Image by M W from Pixabay

Trick ‘r Treat is a film where tradition is not to be scoffed at. Doing so would not enrichen the prospects of one’s health. The film cuts between several different stories, all involving one tradition or another: a college virgin (Anna Paquin) on the prowl for that special someone; some mean-spirited pranking teenagers; a high school principal (Dylan Baker) who doubles as a serial killer; a couple contending with Halloween rites; and a cantankerous old man (Brian Cox) who has some skeletons in his closet. Watching over them all is Sam, a demonic protector of Halloween customs. Taking on the form of what is most innocent, a small child, Sam is Halloween’s enforcer. Dougherty intended to create a mascot, an icon, for the holiday. He drew inspiration from historical postcards and wooden engravings that featured little pumpkin-headed guys. The character’s job is to oversee the I’s and T’s of Halloween and answers transgressions with deadly force. And the little fella is quite testy where jack-o’-lanterns are concerned. You don’t mess with Jack!

The story behind these orange gourds involves a man, a blacksmith, named Jack. Legend has it that when the devil came to collect his soul, Jack played a trick on him. This stuck in ol’hornhead’s craw. Jack wasn’t a terribly nice guy, so when he died, heaven rejected him. Hell wasn’t anymore welcoming, given Jack’s history with the Prince of Darkness. However, the devil decided to cut Jackie boy a break, tossing him a glowing lump of coal, which Jack caught in a hollowed-out turnip. Lantern in hand, Jack was forced to wander the night for eternity. Thus is born the jack-o-lanterns! But, wait, you must be asking yourself: a turnip? A freaking turnip! Well, yeah. Great Britain didn’t have pumpkins. Europeans didn’t come across them until they came to America in the mid-19th century, and they made far better jack-o-lanterns. And while old jack puts on a happy face for all to see, the jack-o-lantern is nonetheless a representation of death.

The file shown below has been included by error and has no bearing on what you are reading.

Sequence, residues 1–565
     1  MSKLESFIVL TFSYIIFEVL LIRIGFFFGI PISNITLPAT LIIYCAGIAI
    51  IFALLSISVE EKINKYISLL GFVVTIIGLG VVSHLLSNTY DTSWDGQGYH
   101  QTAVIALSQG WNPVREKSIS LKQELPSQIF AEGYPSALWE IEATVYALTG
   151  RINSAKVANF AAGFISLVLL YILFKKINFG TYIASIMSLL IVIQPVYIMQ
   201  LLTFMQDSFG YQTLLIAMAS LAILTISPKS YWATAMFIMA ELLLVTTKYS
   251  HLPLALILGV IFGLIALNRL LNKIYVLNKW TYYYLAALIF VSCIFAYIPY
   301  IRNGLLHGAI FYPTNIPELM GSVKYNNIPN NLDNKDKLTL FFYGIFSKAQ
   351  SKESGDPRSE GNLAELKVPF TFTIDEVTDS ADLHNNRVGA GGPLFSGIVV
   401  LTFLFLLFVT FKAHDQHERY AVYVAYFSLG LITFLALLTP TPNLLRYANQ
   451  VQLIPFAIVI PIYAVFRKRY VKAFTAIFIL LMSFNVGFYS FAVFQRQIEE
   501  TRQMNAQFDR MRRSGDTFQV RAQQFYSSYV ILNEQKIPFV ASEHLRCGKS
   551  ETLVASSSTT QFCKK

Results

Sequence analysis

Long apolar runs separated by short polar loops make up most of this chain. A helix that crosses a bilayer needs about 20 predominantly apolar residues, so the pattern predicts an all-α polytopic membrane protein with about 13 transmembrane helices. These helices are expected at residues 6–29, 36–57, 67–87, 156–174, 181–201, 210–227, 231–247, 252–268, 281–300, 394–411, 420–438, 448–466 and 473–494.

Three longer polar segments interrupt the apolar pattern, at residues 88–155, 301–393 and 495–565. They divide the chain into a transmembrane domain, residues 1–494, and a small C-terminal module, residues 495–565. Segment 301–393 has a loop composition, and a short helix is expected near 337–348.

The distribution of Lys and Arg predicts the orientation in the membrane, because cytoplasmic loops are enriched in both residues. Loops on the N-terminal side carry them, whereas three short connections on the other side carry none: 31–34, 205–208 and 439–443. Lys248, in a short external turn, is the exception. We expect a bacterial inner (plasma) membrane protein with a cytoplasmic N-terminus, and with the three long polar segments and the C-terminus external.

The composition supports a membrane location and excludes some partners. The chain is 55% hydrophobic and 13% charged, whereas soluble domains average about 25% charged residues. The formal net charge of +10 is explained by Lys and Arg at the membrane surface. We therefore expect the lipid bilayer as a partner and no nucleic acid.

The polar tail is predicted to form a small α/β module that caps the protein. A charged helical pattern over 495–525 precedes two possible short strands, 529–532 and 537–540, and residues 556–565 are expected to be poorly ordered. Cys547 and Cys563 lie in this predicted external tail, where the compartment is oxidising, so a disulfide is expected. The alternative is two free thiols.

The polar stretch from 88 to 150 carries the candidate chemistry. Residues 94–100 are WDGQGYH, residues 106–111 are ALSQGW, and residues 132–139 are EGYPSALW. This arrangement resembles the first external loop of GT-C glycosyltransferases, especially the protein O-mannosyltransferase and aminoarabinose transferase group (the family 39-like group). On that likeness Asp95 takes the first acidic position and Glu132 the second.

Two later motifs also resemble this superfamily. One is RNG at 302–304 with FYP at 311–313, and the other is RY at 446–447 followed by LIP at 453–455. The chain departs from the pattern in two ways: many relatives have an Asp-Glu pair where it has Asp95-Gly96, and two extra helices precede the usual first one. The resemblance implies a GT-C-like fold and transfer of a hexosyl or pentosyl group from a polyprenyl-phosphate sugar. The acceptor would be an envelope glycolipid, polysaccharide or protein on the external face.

Image by austinvegas from FLICKR

Halloween is an intentionally foreboding affair. At once, a merry night for children, filled with sweets and glee, and simultaneously a sexually charged outing for adults, brimming with passion and danger. It’s the time when we acknowledge our darker side. Let loose the beastie clawing to get out. It’s sinister. Scary. Sexy. It’s good fun! Unless, of course, you break the rules. For as Trick ‘r Treat portends: to scorn is to perish.

Next Blog Hint: Scary Teeth: Un Toro Especial!

— Chris J. Patiño, Film Blogger.

Chris’ Bio:

Chris J. Patiño is a senior at Lewis University, working toward a Bachelor of Arts degree in Journalism. Inspired at an early age by the late great Roger Ebert, he looks to follow in the footsteps of the acclaimed film critic and add his voice to the choir of movie discourse. As a Tempo reporter, Chris writes film reviews for The Lewis Flyer. He enjoys just about every film genre, but favorites include horror, sci-fi, and action. A lover of books, board games and the great outdoors, he spends most of his free time in worlds of fantasy and thought. Favorite authors include Stephen King and Jim Butcher, with favorite novels being The Dresden Files series, the Harry Potter series, Salem’s LotThe ShiningThe Girl with the Dragon Tattoo and All the President’s Men.